Veronica Lake was born on November 14th 1922, under the name Constance Frances Marie Ockleman. Lake got her start at the Bliss-Hayden School of Acting, after her family moved to Beverly Hills in 1938.
Her first film role was a small part in RKO’s 1939 film, Sorority House. Lake undertook similar roles as a co-ed for her first few pictures.
Sorority House director John Farrow noticed Lake’s distinctive beauty and how she wore her hair over her right eye. The actress was introduced to Arthur Hornblow Jr., a producer at Paramount, and Lake was released from her RKO contract and signed to Paramount in 1941. Hornblow Jr. changed the star’s name to Veronica Lake, with Veronica denoting her classic beauty and a mysterious nature and Lake, in reference to the star’s blue eyes.
I Wanted Wings (1941) was Lake’s breakthrough role, followed by starring roles in Sullivan’s Travel’s (1941), This Gun for Hire (1942) and I Married a Witch (1942).
The star was often paired with Alan Ladd, as Ladd’s height was a compatible match for Lake’s petite 4’11’’ stature. Costume designer Edith Head used tricks of the eye when dressing Lake, to give the actress a more statuesque appearance. Gowns for the star were kept sleek and simple, with minimal details, often featuring long sleeves and plunging necklines. Streamlined silhouettes, draping along the bust and towering platform heels helped make the petite actress look taller and more curvaceous.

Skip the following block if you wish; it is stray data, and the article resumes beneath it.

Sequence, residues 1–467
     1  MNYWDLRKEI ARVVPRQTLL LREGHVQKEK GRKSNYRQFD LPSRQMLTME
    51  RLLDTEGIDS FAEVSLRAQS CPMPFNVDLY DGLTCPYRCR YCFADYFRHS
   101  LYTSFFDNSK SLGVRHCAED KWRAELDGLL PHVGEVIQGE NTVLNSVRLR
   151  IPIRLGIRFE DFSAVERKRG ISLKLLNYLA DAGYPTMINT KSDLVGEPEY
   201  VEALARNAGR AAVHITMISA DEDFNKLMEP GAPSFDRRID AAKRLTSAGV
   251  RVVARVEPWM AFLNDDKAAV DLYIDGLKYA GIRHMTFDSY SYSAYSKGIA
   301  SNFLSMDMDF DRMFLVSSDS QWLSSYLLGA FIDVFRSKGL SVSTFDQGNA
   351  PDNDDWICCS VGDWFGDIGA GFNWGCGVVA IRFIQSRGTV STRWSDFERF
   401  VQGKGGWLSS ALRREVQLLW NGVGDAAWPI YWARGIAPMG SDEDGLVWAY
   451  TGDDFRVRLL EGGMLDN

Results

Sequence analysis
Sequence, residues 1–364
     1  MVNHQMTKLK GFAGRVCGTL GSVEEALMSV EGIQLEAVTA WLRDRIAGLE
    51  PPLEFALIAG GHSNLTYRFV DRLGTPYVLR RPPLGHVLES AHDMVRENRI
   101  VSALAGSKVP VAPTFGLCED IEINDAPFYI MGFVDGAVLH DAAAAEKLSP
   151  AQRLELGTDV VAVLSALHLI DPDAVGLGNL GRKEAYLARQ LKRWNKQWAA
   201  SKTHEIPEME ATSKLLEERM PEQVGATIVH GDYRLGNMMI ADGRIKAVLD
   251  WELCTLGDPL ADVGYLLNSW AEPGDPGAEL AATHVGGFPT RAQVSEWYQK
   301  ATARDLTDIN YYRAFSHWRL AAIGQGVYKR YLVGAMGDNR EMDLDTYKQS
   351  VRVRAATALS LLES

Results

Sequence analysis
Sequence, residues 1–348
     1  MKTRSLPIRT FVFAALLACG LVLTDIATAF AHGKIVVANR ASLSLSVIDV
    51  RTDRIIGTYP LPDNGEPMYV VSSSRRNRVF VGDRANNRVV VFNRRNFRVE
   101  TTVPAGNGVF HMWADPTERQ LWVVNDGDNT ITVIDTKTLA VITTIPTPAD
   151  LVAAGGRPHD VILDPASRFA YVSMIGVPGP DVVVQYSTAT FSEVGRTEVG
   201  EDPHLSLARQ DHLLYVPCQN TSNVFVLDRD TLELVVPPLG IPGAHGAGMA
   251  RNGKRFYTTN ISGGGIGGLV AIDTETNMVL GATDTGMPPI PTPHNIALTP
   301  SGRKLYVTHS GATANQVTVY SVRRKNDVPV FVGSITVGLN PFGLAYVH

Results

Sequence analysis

Lake’s beauty and sex appeal made her a pin-up, however, it was Lake’s peekaboo hairstyle that fan’s jumped to recreate. A few tales recount how the stars signature beauty look came to be, a natural wave in her hair, a kink resulting from a clip used on a bad hair day, or that one of her golden tresses had simply fallen out of place at a photo shoot. During the Second World War, Lake changed her trademark to encourage women to wear their hair in a more practical style, suitable for a working environment. A 1940’s newsreel depicts Lake trying out various hairstyles that keep her hair out of her eyes, in hopes of making sure that women working for the war effort wouldn’t catch theirs in any machinery. Though some claim this act of solidarity may have caused a decline in her career, Lake’s signature style has since been replicated and reinvented countless times, by fans, in fashion and on the red carpet.